The Tesla Model Y in already in production and has been given a boost in driving range, making it the most “energy efficient SUV” on the market, Tesla CEO and co-founder Elon Musk said on Wednesday (US time).
“When people do a teardown of the Model Y I think they will be impressed with what they see,” Musk said at Tesla’s fourth quarter earnings call, where he confirmed that production of the Model Y commenced in Fremont in January.
Musk said that thanks to Tesla’s engineering team, the vehicle now has an increase in “real world” driving range from 280 miles (450km) to 315 miles – more than 500 kilometres – on a single charge.
“We managed to achieve by far the highest energy efficiency of any SUV ever produced at 4.1 miles per kilowatt hour, which means the Model Y AWD got an EPA rating of 315 miles,” Musk said at Tesla’s fourth quarter earnings call.
“This improvement is reflected on the configurator as of today. This is above what we’ve previously stated by a pretty significant margin,” he said.
“With great acceleration and top speed, it’s really just incredible specs all around.”
To put this in perspective, the most efficient crossover currently listed by the EPA is the Hyundai Kona Electric, which is given a “fuel economy” rating of 27kWh per 100 miles (160km).
Converting the AWD Model Y’s 4.1 miles per kWh comes to about 24kWh – the same as the 2020 Tesla Model 3 Standard Range Plus (the Tesla Model Y is not yet listed on the fueleconomy.gov website).
It is not known how many reservations there are in the US for the crossover Model Y, which Musk has previously said will outsell the Model 3. In Australia reservations are not yet being taken.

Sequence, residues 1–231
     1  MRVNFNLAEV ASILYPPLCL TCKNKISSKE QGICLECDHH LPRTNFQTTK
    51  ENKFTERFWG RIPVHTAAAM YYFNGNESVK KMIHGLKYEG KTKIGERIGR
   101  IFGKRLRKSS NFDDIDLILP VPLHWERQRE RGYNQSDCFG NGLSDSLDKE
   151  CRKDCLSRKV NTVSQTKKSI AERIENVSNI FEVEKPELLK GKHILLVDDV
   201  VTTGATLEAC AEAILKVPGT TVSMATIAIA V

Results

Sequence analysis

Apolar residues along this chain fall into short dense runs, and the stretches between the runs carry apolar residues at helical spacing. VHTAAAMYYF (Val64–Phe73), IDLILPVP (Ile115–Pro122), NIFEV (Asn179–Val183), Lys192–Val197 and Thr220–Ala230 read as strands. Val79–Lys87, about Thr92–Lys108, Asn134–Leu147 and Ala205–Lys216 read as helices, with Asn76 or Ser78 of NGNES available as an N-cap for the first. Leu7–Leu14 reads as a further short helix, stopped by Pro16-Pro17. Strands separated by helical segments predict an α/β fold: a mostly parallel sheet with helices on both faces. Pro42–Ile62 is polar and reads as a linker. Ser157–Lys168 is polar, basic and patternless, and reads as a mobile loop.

But anticipation for the Tesla Model Y crossover, which will join the popular Model 3 electric sedan when deliveries start be the end of March, is high and the new range increase will only add to that.
With an annual production capacity of 400,000 a year for both the Model 3 and Model Y and a program now underway also at the Shanghai Gigafactory 3 to get ready for Model Y production in China, Tesla says that annual capacity will reach 500,000 units.
Asked if he thought the release of Model Y would stifle Model 3 sales, Musk cited the case of the Model S, which instead of suffering when the Model 3 was released enjoyed an uptick in sales.
He says keeping up with demand will be Tesla’s major challenge in the next 12 months – a nice problem to have and one that the company has dealt with and learned from before with the Tesla Model 3.
“From our standpoint we are not worried about demand, we are worried about production,” Musk said.
“We’ve got make sure we get that production ramp going and reach volume production as soon as possible.”